I have been tied up a lot lately with Spokane Watercolor Society things. I finally got into my studio for a short time tonight and did a little reference photo searching and then drawing. All around my studio, I have quite a few of my older works and one grabbed my attention while I was sitting there.
This is one of the first pen and ink works I did. I really like the exacting, slow process of doing pen and ink work. Being one of my first makes it a little special to me and I have always liked it. But there is a more important reason that it is special. My mother was particularly fond of old mills with water wheels. I did a painting of this one, which I now have since she passed three years ago. Somewhere along the way, I wanted to try my hand at the same scene in pen and ink. I’m sorry for the poor photo, but tonight I want to share that (possibly unfinished) work with you.
One of my recent no-drawing painting attempts… This is from a photo taken in Glacier National Park a couple of years ago and was not taken with a telephoto lens, just a cell phone. Obviously the deer there are quite used to people being nearby.
What I like about this is the looseness. Even though it’s not very good, going without an initial drawing at all definitely loosened up my usually overly tight, photo-realism type painting. Being able to paint looser is something I strive for. That is not to say that I will paint this way all the time, but more practice in this manner may be a very good thing!
I always seem to be inspired by the ocean and, for that matter, most bodies of water. Perhaps growing up so near a lake has something to do with that. This was a fun painting to do, with some experiments along the way. It is based on the numerous photos I took a decade ago while on the Florida Gulf Coast. I loved watching the Sandpipers on the beach!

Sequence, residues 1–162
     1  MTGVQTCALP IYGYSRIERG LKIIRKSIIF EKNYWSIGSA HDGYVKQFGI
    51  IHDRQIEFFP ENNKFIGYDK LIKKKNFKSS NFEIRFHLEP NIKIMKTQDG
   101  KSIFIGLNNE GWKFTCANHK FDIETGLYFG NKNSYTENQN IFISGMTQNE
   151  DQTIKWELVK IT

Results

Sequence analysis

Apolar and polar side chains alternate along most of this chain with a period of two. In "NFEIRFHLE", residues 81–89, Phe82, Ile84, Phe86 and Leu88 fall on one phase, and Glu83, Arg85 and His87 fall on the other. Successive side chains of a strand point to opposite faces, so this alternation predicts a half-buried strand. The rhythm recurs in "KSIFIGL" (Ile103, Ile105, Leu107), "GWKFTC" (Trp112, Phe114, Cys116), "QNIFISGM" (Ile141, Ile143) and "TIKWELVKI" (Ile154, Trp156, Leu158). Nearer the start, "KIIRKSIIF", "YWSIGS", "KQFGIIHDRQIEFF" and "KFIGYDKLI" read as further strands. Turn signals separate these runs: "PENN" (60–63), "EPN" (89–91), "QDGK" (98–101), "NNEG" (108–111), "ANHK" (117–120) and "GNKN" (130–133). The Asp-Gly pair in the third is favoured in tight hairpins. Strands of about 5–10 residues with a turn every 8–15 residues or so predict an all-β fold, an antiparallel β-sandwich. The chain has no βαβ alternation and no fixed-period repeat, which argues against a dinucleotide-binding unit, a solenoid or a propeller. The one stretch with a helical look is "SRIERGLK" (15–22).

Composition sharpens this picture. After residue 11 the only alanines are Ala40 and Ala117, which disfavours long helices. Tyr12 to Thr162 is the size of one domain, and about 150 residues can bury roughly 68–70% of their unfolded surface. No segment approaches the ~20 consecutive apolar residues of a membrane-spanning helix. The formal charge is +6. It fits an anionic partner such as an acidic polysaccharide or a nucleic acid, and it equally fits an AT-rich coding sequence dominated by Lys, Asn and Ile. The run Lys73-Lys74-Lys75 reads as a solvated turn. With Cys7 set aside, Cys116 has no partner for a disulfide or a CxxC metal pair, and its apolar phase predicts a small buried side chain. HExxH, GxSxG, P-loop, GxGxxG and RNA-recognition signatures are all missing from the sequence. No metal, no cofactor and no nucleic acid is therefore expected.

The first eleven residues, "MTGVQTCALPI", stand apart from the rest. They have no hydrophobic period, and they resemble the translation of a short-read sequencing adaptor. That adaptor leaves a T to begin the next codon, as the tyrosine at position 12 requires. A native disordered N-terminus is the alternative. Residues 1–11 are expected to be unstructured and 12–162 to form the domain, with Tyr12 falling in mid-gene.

I am currently stressing over planning and executing a painting or paintings to enter in our Spokane Watercolor Society 2015 Open Juried Show, coming up this fall. Because of that and several other issues, I am still not managing a painting a day. I am doing something toward my art every day though – digging through years worth of photos for reference ideas, compositions, pre-drawing, sketches, etc. My smaller works might not be impressive enough for some, but after my “painting marathon” in January, for me it seems to be a better way to improve and to simply feel like I am accomplishing something. But you can’t submit anything of that size as a juried show entry… I just have to make time in my schedule for the larger works too.
I’ve been absent for a couple of weeks, since I finished the 30 in 30 challenge. I can use the excuse that I’ve been up to my neck in work for SWS-which is true! However, I learned last month that I absolutely must set aside time for my own art rather than just administrative things as president of an art group. And that’s not to say that I haven’t been actively working on art, even though it’s not been at my January pace. I will admit to a bit of a lull in inspiration though. Perhaps it’s a touch of burn-out or simply the time of the year, but ideas have been a little slim lately. That is when I sit down with an art book or at the computer to work from a video. It is all practice and I am now a real believer in the whole idea of many small paintings as a way to further/improve my art.
That all being the case, I have done a number of sketches and four new paintings. First up was a new challenge for myself – painting directly with no sketching at all, just drawing with the brush and then completing the paintings. I did two small works, both of deer, in my sketchbook in that way. Then I tried it out in my Moleskine watercolor book with a simple geranium painting. I won’t say that it was all totally successful, but it was fun and educational to give it a try! As an artist – and as a human being – I know I must continue to learn and challenge myself!
I still can’t quite get over that I finished 30 paintings in 30 days (actually in 28 days because of starting a little late)! I completed the collage of my work, then proceeded to add a border with text around it in one of my photo programs. That wasn’t my idea-it was available on the PicMonkey site, but my computer is too old and has inadequate memory to be able to handle that part of the collage procedure. Below are two versions; one with all 30 paintings and the other with the ones of which I am most proud-twenty of them. What a journey it was! Would I do it again? YES! Especially if I find myself slacking off and not devoting time to my art!